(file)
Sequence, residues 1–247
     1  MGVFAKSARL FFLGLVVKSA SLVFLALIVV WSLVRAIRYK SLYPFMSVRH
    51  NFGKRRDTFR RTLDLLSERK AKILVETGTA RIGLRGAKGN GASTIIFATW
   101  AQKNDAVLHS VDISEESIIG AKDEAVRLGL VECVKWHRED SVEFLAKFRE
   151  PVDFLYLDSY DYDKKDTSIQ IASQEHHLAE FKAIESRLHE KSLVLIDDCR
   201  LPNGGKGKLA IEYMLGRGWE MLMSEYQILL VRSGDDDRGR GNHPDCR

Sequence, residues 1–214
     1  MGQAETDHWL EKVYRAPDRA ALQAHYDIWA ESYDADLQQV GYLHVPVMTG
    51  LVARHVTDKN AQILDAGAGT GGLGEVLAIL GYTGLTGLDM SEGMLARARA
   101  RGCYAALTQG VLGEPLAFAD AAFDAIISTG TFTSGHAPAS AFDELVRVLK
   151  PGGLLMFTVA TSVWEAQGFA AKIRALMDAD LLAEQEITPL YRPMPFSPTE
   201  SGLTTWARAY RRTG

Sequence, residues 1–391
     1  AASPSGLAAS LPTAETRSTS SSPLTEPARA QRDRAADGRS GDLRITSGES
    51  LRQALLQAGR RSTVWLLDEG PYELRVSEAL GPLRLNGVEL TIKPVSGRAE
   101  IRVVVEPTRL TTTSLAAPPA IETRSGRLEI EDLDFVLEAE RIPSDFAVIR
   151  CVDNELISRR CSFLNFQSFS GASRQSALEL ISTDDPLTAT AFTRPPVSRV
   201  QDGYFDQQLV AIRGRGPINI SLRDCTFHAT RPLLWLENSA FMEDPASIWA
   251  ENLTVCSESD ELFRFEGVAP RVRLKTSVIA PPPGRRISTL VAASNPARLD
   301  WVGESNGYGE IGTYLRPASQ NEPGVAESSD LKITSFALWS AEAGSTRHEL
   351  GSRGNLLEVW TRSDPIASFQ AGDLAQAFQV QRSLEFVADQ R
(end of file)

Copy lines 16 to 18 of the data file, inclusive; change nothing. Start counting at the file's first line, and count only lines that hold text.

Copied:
   101  IRVVVEPTRL TTTSLAAPPA IETRSGRLEI EDLDFVLEAE RIPSDFAVIR
   151  CVDNELISRR CSFLNFQSFS GASRQSALEL ISTDDPLTAT AFTRPPVSRV
   201  QDGYFDQQLV AIRGRGPINI SLRDCTFHAT RPLLWLENSA FMEDPASIWA